Warning: tears may be shed.
A beloved children’s story gets its umpteenth adaptation here, this time from the screenwriter of 2018’s Watership Down — who proves that it’s a story worth retelling. This version of The Velveteen Rabbit is mostly faithful to Margery Williams’ original 1920s-set tale, but it does pad the plot out with a backstory of sorts about the shy little boy at its center. We’re introduced to William on the last day he spends at his school before moving to another town; the filmmaking gently plays on memories of the scariness of that first-ever goodbye, starting us off on a tender melancholy note that sets the tone for the rest of the 45-minute-long seasonal special.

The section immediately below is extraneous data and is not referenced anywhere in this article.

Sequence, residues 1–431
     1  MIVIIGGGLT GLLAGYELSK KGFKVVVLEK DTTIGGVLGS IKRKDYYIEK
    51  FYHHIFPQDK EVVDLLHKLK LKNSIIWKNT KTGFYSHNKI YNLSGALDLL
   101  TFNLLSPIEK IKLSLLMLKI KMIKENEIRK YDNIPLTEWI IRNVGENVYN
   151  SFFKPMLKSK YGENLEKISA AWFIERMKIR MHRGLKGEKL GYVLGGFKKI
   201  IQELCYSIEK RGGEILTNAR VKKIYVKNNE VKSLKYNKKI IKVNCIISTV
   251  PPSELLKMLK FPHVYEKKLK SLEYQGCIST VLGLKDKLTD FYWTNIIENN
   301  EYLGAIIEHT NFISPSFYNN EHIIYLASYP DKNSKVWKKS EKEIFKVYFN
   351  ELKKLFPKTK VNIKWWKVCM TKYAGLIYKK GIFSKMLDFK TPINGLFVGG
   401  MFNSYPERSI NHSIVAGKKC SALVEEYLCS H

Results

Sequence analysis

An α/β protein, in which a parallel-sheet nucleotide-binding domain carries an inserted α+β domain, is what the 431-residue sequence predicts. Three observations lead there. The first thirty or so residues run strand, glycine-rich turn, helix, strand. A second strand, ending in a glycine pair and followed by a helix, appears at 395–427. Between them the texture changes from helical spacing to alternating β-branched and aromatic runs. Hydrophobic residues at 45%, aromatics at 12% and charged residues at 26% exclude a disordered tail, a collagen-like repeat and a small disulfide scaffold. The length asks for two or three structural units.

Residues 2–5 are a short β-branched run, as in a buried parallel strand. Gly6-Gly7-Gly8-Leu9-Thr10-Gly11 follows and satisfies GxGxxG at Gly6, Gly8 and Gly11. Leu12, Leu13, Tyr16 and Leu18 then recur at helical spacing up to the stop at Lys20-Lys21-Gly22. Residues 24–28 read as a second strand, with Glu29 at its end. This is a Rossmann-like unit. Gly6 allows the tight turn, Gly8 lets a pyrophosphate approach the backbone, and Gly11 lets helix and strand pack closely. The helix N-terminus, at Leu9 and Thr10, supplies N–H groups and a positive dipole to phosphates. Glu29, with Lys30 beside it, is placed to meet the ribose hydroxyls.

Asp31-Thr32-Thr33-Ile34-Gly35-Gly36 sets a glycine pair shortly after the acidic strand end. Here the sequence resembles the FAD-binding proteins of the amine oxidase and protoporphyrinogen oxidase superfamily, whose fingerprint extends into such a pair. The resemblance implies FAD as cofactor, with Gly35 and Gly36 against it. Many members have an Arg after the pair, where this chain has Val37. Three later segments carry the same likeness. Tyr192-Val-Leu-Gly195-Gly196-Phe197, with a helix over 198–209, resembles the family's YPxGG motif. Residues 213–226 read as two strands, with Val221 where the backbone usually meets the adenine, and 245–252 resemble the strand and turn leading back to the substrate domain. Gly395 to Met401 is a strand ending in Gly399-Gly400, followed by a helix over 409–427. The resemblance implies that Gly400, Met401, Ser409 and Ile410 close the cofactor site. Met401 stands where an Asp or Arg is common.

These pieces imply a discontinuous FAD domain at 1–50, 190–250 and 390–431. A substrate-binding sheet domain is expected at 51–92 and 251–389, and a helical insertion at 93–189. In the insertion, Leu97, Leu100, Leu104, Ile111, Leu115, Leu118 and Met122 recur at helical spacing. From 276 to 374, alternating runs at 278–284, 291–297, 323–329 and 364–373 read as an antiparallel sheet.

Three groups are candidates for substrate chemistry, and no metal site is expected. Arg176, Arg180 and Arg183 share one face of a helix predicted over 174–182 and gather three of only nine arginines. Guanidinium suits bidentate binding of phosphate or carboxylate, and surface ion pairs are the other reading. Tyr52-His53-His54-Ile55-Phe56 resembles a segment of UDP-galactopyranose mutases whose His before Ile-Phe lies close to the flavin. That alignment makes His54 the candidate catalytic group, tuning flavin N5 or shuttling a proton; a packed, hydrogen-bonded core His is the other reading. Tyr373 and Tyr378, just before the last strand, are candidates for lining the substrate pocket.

For his first Christmas in the family’s new house, William is given a cuddly toy bunny in which he finds the comfort and company he misses so acutely. If you had a beloved plaything as a child, chances are you wished they’d come alive with all the might that little you could conjure up — nostalgia that this adaptation taps right into when the rabbit comes to life via mixed animated styles. The sincere emotion of the duo’s commitment to each other — involving sickness and self-sacrifice — is thus difficult to resist, no matter how grown up you are.
The Velveteen Rabbit features stop-motion, 2D animated sequences, and more modern CGI to bring the bunny to life. These styles aren’t used haphazardly: there’s a clear logic to them, with the toy being rendered in cutesy stop-motion, the imaginary escapist adventures he goes on with William taking place in a style referencing the hand-drawn illustrations featured in the original book, and digital CGI used in place of real animals later on. The switches — especially between the first two styles — allow the movie to play on both nostalgia and imagination, a dual-handed approach that deepens its emotional impact.